6. Headers and Interrupt Vectors
Table of Contents:
Last chapter, we covered the "main" section of the test project, which sets the background color and then goes into an infinite loop. Yet that code only accounts for 13 lines out of the 44-line test project source code. In this chapter, we'll explore the remainder of the test project's source code and learn a few more opcodes.
At the very beginning of the test project, we see this curious bit of assembly:
1 "HEADER" 2 "NES", 26, 2, 1, 0, 0
.segment, since it begins with a period, is an assembler directive - an instruction
for the assembler to follow when it is converting the code to machine code.
as we discussed in Chapter 4, tells the assembler where to put your code in the final output. The
HEADER segment, unsurprisingly, is placed at the very beginning of the resulting .nes
The second line uses another assembler directive that we've seen before.
.byte tells the
assembler to insert literal data bytes into the output, rather than trying to interpret opcodes
from them. The string "NES" is inserted as three ASCII codepoints:
(the ASCII representations of "N", "E", and "S"). The next byte,
26, represents the MS-DOS
"end of file" character (often seen in hex notation as
$1a). These four bytes
are a "magic number" that marks the output as an NES game.
Most file types have a "magic number" at the start of the file to make it easier for an operating
system to know what a file is with certainty. Java bytecode files begin with
PDF files begin with
$25504446 ("%PDF"), and zip files begin with
since the format used to be called "PKZIP"). You can find a larger list of file type magic numbers
The "NES" magic number header specifically identifies the file as an "iNES" NES game. iNES was one of the first NES emulators, and the first to achieve widespread popularity. iNES' author, Marat Fayzullin, created a special header format that provides the emulator with information about the game itself, such as which region (NTSC/PAL) the game is from, how many PRG and CHR ROM banks it has, and more. The full iNES header is 16 bytes long.
Our test project's header, after "NES" and
$1a, specifies that the "cartridge" for our
game contains two 16KB PRG-ROM banks (32KB storage) and one 8KB CHR-ROM bank, and that it uses
"mapper zero". NES cartridges come in many (hundreds) of variations, and the iNES header assigns
each variant a number. Mapper zero, as you might guess, represents the simplest kind of NES cartridge,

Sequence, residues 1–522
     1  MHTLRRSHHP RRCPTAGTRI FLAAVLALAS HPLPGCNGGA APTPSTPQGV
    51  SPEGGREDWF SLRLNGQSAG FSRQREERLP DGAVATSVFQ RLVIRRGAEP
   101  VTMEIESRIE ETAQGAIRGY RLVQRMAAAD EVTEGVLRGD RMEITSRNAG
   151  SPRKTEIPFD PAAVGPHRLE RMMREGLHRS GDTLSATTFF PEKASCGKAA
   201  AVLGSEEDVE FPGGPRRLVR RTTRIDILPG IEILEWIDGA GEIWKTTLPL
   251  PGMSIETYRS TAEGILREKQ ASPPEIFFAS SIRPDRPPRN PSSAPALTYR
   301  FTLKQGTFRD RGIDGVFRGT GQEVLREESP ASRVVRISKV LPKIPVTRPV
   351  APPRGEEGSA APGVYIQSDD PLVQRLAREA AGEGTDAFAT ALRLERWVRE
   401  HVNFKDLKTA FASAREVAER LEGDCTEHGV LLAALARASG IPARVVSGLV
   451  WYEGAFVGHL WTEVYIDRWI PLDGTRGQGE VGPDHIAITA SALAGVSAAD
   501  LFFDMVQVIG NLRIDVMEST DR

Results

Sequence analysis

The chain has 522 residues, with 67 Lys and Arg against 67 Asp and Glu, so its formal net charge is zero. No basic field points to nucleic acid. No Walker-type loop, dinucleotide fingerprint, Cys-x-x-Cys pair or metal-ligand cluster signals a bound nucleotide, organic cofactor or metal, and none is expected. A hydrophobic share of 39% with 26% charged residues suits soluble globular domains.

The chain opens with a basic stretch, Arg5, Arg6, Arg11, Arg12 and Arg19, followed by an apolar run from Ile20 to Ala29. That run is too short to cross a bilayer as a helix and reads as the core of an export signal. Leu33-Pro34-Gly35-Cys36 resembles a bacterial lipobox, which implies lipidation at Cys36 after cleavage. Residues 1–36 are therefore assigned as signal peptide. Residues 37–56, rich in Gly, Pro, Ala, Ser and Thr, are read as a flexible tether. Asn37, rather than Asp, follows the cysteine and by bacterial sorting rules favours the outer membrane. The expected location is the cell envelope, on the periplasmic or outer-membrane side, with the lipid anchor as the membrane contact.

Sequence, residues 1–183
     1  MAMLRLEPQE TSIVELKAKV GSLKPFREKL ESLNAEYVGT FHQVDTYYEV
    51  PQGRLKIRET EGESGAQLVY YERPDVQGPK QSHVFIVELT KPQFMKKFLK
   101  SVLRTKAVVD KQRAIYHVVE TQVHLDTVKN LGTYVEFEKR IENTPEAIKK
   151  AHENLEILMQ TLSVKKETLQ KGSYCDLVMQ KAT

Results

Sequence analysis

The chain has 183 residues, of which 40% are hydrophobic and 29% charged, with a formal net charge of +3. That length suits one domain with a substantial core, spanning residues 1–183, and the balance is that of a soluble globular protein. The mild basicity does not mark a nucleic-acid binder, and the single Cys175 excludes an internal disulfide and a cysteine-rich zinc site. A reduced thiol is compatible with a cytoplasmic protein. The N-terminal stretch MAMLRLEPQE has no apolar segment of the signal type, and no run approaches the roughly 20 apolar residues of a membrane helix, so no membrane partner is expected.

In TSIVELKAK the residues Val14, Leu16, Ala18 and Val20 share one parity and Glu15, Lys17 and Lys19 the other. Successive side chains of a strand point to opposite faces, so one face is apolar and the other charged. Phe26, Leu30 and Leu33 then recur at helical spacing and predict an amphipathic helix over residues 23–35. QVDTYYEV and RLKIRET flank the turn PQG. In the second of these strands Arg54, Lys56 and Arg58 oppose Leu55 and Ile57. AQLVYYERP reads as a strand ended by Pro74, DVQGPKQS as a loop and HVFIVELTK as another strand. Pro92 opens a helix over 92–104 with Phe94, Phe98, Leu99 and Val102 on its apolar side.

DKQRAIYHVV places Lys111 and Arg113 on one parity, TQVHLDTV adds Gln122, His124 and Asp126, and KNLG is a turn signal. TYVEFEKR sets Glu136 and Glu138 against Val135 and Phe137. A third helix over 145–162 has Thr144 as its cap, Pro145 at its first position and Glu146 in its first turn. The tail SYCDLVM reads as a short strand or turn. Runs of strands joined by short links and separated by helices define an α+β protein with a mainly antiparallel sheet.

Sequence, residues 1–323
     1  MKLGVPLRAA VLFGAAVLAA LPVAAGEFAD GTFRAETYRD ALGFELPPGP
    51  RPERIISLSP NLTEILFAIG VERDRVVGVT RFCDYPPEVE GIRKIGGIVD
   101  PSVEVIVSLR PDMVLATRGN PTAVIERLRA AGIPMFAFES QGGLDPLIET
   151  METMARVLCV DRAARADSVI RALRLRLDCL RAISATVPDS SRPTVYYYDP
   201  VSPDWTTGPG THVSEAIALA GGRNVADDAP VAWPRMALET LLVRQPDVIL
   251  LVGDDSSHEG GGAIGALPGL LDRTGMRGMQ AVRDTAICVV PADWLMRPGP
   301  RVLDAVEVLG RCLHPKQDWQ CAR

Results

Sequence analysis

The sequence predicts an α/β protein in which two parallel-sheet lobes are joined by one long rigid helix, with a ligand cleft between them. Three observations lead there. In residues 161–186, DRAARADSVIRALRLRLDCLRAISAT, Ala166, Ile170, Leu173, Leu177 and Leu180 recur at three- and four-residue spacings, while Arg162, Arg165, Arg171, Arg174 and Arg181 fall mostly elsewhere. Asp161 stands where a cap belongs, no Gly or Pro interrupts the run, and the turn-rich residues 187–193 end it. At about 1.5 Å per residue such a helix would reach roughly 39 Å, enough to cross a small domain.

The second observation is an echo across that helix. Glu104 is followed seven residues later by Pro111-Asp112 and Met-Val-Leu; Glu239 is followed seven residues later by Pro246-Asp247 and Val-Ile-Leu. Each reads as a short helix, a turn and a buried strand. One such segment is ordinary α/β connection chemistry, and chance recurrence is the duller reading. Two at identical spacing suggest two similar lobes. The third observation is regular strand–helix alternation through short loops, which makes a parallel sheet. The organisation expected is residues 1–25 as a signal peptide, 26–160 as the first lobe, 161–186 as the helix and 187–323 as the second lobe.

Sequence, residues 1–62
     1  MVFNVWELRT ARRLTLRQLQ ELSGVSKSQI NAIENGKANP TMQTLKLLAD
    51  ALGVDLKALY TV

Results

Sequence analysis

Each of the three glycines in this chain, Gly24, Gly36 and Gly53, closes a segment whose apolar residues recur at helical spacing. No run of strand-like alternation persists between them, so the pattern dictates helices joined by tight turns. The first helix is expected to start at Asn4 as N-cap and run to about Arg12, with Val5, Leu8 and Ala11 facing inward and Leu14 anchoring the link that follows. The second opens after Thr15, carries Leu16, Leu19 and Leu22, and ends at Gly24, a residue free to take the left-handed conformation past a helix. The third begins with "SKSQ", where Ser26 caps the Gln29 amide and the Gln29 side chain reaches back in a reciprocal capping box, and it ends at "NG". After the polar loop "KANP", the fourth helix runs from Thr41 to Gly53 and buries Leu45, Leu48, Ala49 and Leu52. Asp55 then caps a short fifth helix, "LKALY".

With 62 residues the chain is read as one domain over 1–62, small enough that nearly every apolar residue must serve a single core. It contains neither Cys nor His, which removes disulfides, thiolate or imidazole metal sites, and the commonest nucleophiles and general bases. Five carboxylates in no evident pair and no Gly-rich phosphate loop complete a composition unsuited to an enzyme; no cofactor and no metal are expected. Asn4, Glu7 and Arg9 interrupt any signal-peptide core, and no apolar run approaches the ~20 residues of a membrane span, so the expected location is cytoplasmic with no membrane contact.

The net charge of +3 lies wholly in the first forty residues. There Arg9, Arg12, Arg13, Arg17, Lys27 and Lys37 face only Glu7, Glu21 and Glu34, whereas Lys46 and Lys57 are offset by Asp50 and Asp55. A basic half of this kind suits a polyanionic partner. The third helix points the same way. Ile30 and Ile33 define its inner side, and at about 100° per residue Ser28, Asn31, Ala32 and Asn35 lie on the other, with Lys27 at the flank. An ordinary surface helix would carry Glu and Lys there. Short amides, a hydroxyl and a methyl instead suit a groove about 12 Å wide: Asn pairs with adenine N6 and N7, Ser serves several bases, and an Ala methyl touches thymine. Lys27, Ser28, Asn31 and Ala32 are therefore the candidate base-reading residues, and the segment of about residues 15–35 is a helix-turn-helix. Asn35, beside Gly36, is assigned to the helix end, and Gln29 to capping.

generally called "NROM". Some of the earliest NES games used NROM cartridges, including Balloon Fight,
Donkey Kong, and Super Mario Bros.. Due to their relative simplicity, we'll be creating
NROM cartridge games for most of this book.
For more details on the iNES header format, see the article on the
NESDev Wiki. Many of the things that can be
set through the iNES header, like mirroring modes and PRG-RAM, will be discussed in greater detail
later in this book.
Isolating Procedures with
After the header, another
.segment directive switches us to the "CODE" segment,
which begins at 16 bytes into the file (i.e., after the 16-byte header). The first thing
within the segment is a new assembler directive,
.proc. This directive lets you
create new lexical scopes in your code. Basically, this means that the labels you make
inside of a
.proc are unique to that proc. Here's an example:
.proc foo $2002 some_label: #$3f .proc bar #$29 some_label: $2007
Here, we use the label
some_label twice, once in
.proc foo and once
.proc bar. However, since they are inside of different procs, the two labels
are treated as totally separate. Using
some_label inside of
bar's version, and there is no way to access
of the label from inside of
bar. Generally, we will wrap independent pieces of
code in their own procs so they can use the same label names without clobbering each other.
This might seem like a lot of effort just to be able to use the same label name in more than
one place, which is true to an extent. The real power of using
when your code is composed of multiple files - some of which you might not have written
yourself! Procs let you safely use a label without having to check through all of the
code to see if you (or another developer) have used the same label before.
The test project uses four procs -
main. We covered the
in the last chapter, but what are the other procs doing?
As discussed earlier, the processor in the NES repeatedly fetches and executes bytes in sequence. When certain events happen, though, we want to interrupt the processor and tell it to do something else. The events that can cause these interruptions are called interrupt vectors, and the NES/6502 has three of them:
- The reset vector occurs when the system is first turned on, or when the user presses the Reset button on the front of the console.
- The NMI vector ("Non-Maskable Interrupt") occurs when the PPU starts preparing the next frame of graphics, 60 times per second.
- The IRQ vector ("Interrupt Request") can be triggered by the NES' sound processor or from certain types of cartridge hardware.
When an interrupt is triggered, the processor stops whatever it is doing and executes
the code specified as the "handler" for that interrupt. A handler is just a collection
of assembly code that ends with a new opcode:
RTI, for "Return from Interrupt".
Since the test project doesn't need to make use of NMI or IRQ handlers, they consist of
5 .proc irq_handler 6 7 8 9 .proc nmi_handler 10 11
RTI marks the end of an interrupt handler, but how does the processor